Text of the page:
YouTube is obviously home to millions of cat videos, but it’s also home to quite a few music videos. If you watch a lot of music videos on YouTube you’ve probably also noticed the curated “My Mix” playlists that it creates. You’d almost certainly also have noticed that you’re served advertising before or even during nearly every popular video that you watch on the platform. If you’re a user that streams a lot of music from YouTube, you may soon notice even more ads interrupting your musical playlists. This is in an effort to “frustrate” users and push them towards paid subscriptions to a YouTube music service.
The company isn’t just trying to push users to a paid subscription, they’ve been working to make it more enticing to have the paid subscription, adding exclusive content, playlists, and other new features that should appeal to music fans. The hope is that the new offerings will make the paid service seem more palatable.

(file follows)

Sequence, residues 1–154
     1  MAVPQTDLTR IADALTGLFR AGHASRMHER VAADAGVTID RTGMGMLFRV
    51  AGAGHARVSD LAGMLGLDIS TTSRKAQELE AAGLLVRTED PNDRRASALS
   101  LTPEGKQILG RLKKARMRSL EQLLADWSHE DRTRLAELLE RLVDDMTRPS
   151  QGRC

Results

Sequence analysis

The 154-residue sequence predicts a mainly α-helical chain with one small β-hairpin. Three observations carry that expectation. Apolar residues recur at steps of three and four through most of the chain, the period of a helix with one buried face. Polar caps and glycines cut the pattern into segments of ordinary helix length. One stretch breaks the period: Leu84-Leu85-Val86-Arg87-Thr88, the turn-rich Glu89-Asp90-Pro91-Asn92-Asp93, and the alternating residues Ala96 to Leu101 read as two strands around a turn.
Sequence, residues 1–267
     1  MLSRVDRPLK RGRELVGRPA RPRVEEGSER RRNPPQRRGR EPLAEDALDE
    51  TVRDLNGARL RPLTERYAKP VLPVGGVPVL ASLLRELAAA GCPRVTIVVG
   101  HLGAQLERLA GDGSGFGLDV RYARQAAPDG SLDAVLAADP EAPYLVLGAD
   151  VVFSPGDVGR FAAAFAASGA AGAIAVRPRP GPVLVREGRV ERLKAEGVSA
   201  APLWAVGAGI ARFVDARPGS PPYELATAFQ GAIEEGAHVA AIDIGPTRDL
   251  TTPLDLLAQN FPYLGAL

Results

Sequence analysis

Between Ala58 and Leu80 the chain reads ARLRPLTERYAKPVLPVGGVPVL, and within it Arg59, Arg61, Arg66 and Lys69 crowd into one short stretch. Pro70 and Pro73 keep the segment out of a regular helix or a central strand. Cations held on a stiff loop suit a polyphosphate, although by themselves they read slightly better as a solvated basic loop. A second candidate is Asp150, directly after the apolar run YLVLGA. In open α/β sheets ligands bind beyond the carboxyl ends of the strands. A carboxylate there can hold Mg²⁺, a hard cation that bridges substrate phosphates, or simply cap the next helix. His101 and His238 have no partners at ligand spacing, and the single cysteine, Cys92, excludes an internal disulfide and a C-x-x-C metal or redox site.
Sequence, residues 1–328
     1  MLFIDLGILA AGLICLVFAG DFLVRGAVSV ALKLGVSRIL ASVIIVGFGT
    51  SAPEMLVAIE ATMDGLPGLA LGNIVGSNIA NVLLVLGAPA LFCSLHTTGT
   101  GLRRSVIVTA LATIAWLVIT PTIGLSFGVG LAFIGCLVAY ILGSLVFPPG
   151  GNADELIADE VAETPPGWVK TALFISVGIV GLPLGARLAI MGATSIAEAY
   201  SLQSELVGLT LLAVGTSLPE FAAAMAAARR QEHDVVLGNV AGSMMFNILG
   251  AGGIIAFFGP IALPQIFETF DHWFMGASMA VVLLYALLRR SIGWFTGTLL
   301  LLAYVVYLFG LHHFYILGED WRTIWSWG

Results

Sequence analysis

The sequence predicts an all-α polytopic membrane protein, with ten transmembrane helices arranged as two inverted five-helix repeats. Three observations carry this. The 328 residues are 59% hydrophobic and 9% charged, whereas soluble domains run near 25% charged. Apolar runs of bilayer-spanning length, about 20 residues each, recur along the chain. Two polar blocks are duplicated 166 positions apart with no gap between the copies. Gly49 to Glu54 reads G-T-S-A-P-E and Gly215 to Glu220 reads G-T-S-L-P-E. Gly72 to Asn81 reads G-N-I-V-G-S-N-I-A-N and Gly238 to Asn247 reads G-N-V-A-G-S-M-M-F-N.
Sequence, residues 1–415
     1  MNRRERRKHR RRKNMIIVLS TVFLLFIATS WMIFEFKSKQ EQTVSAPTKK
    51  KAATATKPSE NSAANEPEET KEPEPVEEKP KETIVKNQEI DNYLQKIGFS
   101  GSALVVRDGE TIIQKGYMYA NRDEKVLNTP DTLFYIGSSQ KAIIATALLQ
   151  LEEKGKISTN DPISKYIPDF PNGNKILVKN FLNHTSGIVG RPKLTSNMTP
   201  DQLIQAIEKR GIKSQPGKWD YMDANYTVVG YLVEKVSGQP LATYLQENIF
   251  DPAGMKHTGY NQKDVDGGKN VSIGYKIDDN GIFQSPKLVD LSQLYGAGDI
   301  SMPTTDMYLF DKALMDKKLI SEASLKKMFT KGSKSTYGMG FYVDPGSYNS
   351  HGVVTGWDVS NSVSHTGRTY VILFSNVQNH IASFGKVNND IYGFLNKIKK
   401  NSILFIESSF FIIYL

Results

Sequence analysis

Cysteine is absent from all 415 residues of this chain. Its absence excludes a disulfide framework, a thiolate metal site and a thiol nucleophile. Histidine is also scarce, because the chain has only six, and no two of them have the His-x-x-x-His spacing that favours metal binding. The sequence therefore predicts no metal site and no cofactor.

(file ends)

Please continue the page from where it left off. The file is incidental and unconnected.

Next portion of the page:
YouTube’s official reasoning sounds pretty reasonable:
Our top priority at YouTube is to deliver a great user experience, and that includes ensuring users do not encounter excessive ad loads. For a specific subset of users who use YouTube like a paid music service today — and would benefit most from additional features — we may show more ads or promotional prompts to upsell to our paid service.
Though Google’s new head of music, Lyor Cohen makes it sound just a tiny bit more nefarious:
Cohen said he prevailed upon his colleagues and bosses to make some changes to “be good partners” to the music industry. They will “smoke out” people who can afford to pay for a subscription and shepherd them to the new service.
“There’s a lot more people in our funnel that we can frustrate and seduce to become subscribers,” Cohen said. “Once we do that, trust me, all that noise will be gone and articles people write about that noise will be gone.”
Yeaaah… that’s not the best way to endear yourself to potential subscribers. YouTube already makes a ton of money via advertising, though the music industry would prefer if they made more money (and then gave more of that money to the music industry) via paid subscriptions, so we’ll see how that turns out for them.
Would you be more likely to pay for a music subscription if the alternative was more ads interrupting your music? How do you feel about Cohen saying he’d like to “frustrate” users? Tell us all about it in the comment section below, or on Google+, Twitter, or Facebook.Source: Bloomberg